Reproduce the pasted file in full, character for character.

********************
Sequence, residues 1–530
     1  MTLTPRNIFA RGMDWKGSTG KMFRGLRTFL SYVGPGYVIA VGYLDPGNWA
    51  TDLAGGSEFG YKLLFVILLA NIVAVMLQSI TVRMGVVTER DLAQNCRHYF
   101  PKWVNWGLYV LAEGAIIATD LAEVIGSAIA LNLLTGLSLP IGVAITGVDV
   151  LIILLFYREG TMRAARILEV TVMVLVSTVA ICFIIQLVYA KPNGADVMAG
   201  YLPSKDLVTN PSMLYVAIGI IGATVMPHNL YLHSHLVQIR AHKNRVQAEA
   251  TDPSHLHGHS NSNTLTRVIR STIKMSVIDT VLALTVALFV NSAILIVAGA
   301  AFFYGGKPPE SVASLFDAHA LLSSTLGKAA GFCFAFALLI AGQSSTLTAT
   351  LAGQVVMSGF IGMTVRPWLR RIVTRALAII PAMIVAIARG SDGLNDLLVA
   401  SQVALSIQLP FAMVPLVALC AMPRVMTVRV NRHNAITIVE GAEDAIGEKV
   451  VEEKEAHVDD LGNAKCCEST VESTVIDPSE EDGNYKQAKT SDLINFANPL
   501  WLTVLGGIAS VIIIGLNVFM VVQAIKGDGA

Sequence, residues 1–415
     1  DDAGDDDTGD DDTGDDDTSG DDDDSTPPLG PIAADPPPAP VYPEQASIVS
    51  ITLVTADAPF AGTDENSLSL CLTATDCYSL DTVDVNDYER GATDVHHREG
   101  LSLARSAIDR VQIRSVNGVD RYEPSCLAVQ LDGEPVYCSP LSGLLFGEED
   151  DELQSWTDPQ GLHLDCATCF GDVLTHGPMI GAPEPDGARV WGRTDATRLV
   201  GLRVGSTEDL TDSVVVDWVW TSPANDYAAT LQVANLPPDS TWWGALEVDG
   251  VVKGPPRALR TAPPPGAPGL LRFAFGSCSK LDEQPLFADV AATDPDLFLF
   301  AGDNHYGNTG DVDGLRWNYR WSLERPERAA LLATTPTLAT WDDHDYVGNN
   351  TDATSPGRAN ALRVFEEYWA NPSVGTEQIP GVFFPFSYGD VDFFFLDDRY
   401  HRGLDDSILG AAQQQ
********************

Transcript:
Sequence, residues 1–530
     1  MTLTPRNIFA RGMDWKGSTG KMFRGLRTFL SYVGPGYVIA VGYLDPGNWA
    51  TDLAGGSEFG YKLLFVILLA NIVAVMLQSI TVRMGVVTER DLAQNCRHYF
   101  PKWVNWGLYV LAEGAIIATD LAEVIGSAIA LNLLTGLSLP IGVAITGVDV
   151  LIILLFYREG TMRAARILEV TVMVLVSTVA ICFIIQLVYA KPNGADVMAG
   201  YLPSKDLVTN PSMLYVAIGI IGATVMPHNL YLHSHLVQIR AHKNRVQAEA
   251  TDPSHLHGHS NSNTLTRVIR STIKMSVIDT VLALTVALFV NSAILIVAGA
   301  AFFYGGKPPE SVASLFDAHA LLSSTLGKAA GFCFAFALLI AGQSSTLTAT
   351  LAGQVVMSGF IGMTVRPWLR RIVTRALAII PAMIVAIARG SDGLNDLLVA
   401  SQVALSIQLP FAMVPLVALC AMPRVMTVRV NRHNAITIVE GAEDAIGEKV
   451  VEEKEAHVDD LGNAKCCEST VESTVIDPSE EDGNYKQAKT SDLINFANPL
   501  WLTVLGGIAS VIIIGLNVFM VVQAIKGDGA

Sequence, residues 1–415
     1  DDAGDDDTGD DDTGDDDTSG DDDDSTPPLG PIAADPPPAP VYPEQASIVS
    51  ITLVTADAPF AGTDENSLSL CLTATDCYSL DTVDVNDYER GATDVHHREG
   101  LSLARSAIDR VQIRSVNGVD RYEPSCLAVQ LDGEPVYCSP LSGLLFGEED
   151  DELQSWTDPQ GLHLDCATCF GDVLTHGPMI GAPEPDGARV WGRTDATRLV
   201  GLRVGSTEDL TDSVVVDWVW TSPANDYAAT LQVANLPPDS TWWGALEVDG
   251  VVKGPPRALR TAPPPGAPGL LRFAFGSCSK LDEQPLFADV AATDPDLFLF
   301  AGDNHYGNTG DVDGLRWNYR WSLERPERAA LLATTPTLAT WDDHDYVGNN
   351  TDATSPGRAN ALRVFEEYWA NPSVGTEQIP GVFFPFSYGD VDFFFLDDRY
   401  HRGLDDSILG AAQQQ